Last edited by Stiletto on 2022-03-30, 03:37. Edited 1 time in total.

Reply 449 of 467, by BitWrangler

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dr_st wrote on 2022-03-29, 06:25:

5 screens wide? That is a pretty gross exaggeration. I mean - look at here which has a convenient map. There are more than 50 screens, not counting the part once you get into the tower (which is shorter than the main game, but still has a bit gameplay in it). It certainly did not feel shorter than The Secret of Monkey Island.

Maybe it seemed like that to me because of doing a lot of back and forth in the same areas, whereas some of the other locations were do one thing and leave and not have to go back. Also I feel like some of those location on the map are actually different parts of some single screens that you couldn't access until you'd done something else. Maybe it was more that while there was some more complex puzzle solving a lot of it seemed to go along on rails.

Unicorn herding operations are proceeding, but all the totes of hens teeth and barrels of rocking horse poop give them plenty of hiding spots.

Reply 450 of 467, by Carrera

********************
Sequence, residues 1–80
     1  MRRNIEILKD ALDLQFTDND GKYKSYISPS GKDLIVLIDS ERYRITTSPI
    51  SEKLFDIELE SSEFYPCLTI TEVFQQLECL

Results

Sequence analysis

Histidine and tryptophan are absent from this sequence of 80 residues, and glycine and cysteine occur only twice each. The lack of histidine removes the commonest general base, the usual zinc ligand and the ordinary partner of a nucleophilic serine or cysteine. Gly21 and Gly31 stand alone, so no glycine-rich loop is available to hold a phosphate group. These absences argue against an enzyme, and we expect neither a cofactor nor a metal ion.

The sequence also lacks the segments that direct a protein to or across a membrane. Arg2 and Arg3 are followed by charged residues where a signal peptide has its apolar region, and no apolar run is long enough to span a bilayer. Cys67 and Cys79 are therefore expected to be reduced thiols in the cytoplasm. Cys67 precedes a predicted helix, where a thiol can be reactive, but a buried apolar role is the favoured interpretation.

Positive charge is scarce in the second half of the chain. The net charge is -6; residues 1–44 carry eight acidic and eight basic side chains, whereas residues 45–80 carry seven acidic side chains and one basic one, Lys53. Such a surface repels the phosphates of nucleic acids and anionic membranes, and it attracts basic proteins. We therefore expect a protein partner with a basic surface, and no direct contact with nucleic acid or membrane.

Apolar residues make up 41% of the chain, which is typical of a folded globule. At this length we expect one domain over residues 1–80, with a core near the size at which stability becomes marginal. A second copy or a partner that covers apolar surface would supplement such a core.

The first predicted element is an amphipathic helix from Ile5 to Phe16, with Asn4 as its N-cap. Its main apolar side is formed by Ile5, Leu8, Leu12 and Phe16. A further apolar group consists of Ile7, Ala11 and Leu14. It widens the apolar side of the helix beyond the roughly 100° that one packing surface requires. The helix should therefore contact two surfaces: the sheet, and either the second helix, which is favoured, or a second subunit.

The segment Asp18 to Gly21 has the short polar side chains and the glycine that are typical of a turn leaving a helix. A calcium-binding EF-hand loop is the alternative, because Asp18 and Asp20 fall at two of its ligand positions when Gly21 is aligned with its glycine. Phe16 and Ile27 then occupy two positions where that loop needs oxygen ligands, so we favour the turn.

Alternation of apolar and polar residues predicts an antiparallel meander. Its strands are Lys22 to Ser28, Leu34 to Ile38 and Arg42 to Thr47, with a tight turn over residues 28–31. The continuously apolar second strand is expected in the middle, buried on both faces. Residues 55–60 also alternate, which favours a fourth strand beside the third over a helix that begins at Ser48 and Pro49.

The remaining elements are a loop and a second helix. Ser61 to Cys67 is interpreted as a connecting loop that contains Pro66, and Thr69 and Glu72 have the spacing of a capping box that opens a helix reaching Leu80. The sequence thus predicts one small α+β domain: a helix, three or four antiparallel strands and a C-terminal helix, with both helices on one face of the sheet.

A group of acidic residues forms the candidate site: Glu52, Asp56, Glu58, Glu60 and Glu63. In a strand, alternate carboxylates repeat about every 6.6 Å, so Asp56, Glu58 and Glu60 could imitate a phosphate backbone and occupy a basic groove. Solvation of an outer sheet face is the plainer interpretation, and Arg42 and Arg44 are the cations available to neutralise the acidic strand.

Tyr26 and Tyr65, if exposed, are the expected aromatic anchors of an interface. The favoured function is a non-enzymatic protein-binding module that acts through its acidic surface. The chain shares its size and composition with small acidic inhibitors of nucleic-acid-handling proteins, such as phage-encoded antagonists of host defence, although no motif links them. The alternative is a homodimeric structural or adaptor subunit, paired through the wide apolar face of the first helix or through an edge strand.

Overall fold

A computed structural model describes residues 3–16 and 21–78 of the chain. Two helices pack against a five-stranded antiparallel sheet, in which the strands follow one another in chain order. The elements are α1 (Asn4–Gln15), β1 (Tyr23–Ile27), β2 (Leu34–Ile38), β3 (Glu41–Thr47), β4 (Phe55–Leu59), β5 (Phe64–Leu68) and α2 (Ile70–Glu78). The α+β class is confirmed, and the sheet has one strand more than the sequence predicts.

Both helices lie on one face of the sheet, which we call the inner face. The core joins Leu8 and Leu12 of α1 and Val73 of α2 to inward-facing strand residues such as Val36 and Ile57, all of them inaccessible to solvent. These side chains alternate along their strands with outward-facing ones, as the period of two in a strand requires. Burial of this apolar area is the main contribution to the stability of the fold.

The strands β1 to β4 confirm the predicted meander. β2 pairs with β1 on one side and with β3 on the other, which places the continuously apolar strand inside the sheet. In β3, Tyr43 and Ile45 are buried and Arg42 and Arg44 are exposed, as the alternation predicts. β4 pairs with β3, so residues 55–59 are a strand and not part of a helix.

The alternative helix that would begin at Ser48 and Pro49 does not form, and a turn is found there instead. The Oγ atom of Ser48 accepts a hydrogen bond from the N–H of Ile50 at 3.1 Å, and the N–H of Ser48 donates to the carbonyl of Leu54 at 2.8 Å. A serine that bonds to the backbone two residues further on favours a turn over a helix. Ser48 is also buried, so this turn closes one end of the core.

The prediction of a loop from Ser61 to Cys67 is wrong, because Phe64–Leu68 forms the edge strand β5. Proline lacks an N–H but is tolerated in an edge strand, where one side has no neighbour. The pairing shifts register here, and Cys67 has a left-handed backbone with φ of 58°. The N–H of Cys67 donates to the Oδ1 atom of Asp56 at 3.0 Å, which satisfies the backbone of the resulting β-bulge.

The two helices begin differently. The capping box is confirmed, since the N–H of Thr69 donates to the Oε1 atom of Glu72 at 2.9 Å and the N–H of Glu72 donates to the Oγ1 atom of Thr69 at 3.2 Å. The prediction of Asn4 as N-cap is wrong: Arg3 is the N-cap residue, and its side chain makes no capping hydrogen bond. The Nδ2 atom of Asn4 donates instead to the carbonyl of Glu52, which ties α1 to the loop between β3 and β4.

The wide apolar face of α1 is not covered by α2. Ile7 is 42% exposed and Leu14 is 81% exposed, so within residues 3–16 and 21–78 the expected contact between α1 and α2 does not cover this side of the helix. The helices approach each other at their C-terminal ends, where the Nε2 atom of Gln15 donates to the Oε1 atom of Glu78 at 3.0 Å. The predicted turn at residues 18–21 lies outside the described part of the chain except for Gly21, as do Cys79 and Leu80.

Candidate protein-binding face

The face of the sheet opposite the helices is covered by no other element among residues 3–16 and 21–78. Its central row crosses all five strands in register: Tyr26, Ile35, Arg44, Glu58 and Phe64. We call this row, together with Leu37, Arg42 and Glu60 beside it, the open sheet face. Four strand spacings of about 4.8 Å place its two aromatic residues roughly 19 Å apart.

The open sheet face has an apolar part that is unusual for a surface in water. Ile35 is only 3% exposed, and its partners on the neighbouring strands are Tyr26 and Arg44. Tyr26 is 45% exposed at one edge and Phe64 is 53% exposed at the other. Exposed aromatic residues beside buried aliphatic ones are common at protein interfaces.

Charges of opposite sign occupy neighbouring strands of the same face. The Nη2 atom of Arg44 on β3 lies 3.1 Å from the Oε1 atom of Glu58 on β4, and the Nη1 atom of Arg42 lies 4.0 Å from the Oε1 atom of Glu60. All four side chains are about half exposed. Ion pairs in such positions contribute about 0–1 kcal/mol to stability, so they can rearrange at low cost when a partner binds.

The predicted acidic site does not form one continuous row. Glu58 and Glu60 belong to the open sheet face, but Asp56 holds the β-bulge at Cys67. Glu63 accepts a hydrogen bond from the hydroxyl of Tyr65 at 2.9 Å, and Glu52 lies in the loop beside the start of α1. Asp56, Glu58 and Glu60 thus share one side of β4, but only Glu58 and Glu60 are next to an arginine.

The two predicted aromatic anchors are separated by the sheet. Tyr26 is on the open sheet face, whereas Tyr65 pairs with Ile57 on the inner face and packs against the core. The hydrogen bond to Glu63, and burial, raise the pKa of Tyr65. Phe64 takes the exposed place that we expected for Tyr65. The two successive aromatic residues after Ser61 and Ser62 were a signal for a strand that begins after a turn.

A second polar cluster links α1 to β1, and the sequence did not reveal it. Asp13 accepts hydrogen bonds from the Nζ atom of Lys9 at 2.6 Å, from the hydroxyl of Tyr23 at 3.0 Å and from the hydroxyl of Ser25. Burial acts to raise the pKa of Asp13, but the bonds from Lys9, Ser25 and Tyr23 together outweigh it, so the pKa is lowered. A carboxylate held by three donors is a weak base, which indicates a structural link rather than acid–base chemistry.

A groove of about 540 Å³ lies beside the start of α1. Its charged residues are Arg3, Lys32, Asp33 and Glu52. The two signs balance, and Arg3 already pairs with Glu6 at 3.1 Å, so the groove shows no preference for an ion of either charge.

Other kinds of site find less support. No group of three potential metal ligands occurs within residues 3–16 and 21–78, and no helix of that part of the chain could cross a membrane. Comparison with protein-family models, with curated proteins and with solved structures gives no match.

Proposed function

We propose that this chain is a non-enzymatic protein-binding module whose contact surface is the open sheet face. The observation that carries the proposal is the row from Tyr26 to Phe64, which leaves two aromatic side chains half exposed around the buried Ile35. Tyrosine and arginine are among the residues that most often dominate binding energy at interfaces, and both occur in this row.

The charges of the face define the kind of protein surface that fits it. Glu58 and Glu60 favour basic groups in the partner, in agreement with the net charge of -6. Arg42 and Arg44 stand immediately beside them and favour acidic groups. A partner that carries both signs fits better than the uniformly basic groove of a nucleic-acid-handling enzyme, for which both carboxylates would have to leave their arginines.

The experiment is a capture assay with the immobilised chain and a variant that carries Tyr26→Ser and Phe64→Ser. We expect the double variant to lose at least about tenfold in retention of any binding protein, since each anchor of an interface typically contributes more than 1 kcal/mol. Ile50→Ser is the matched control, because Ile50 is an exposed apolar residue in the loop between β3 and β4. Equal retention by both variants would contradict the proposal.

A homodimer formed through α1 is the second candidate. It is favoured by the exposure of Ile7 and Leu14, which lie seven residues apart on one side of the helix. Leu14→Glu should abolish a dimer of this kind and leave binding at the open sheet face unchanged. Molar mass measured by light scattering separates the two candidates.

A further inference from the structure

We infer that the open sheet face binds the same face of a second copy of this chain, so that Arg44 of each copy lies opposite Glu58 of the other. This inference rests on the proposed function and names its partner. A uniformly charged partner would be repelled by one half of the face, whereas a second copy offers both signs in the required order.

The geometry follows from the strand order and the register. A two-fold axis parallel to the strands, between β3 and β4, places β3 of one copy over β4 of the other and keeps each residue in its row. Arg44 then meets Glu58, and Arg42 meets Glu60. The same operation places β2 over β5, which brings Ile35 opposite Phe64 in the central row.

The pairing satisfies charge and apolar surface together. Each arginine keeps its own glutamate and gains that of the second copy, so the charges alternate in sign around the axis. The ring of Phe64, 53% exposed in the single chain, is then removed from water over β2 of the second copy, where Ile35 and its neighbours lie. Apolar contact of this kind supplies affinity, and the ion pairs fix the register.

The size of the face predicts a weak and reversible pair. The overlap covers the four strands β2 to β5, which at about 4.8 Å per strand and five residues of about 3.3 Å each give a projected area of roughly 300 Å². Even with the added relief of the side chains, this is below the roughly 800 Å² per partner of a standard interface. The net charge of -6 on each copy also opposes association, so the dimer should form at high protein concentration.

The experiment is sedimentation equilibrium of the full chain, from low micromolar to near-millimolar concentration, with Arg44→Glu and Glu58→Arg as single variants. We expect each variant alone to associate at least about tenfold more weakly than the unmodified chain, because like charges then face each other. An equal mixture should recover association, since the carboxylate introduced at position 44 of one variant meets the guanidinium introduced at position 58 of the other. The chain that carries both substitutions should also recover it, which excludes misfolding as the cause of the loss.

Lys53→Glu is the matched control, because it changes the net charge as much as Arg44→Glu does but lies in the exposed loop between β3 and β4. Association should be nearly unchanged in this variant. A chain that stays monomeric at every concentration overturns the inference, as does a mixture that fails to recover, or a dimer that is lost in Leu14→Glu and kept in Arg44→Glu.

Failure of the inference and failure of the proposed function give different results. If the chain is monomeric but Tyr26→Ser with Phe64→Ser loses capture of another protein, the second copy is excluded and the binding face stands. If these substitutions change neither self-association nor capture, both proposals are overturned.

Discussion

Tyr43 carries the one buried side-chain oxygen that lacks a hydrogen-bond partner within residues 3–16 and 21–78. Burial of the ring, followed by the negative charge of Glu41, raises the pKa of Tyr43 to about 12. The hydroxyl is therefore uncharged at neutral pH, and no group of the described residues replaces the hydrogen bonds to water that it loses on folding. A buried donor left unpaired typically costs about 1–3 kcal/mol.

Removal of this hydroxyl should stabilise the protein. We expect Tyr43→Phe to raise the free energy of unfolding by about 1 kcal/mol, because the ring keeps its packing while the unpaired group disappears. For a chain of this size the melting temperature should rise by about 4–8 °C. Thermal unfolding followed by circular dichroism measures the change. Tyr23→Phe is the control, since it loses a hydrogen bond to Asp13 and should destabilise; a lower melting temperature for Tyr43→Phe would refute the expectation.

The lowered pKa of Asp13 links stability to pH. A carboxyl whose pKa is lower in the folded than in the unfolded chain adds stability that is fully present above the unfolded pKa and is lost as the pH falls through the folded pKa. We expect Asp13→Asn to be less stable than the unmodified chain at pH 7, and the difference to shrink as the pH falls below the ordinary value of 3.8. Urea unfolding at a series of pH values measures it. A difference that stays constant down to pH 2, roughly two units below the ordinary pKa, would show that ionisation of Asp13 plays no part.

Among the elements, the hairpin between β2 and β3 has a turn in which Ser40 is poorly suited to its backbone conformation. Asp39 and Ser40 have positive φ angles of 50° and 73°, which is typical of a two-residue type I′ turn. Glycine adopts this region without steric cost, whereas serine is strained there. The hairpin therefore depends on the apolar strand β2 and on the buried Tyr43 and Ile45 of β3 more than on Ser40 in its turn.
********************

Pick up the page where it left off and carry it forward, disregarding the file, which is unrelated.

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DracoNihil wrote on 2022-03-28, 15:36:

I mean, there's plenty of cutscenes in I76 where they're out of the car discussing whatever. There's even scenes in the intro that never actually happen in the TRIP. (and also depict the other hand weapons that were never implemented)

Being able to bail out of a car and get into another one was a rather nice feature, at least.

Never get out of the car was the last line in the game and Yes... it was in the intro but that was the point.. had she stayed in the car she might have survived ....
I do agree car jacking is good shouldn't be a major part of the game play...

Reply 451 of 467, by Shreddoc

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I assume somebody's mentioned Ocean's DOS port of Street Fighter 2, during the course of this thread.

It deserves another mention.

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Every jump sloowwwllyyy flooooaaaats your character up out the top of the screen like a helium balloon, at the port's glacial framerate. (yup, there are 2 players in the above screenshot)

Back in '93, it would have been the most disappointing thing in the world, if not for the prior existence of the bootleg Korean version we all already had. Still, it stung. Making an utterly excremental version of what was, at that time, the biggest game in the world - turning it into an embarrassment for the DOS platform - was a heck of a faux pas.

Meanwhile, free coders were doing things like Second Reality.... 🤣

Reply 452 of 467, by BitWrangler

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I wasn't much into those kinda games but IIRC Mortal Kombat for DOS actually ran well on quite low hardware, but the controls sucked a bit.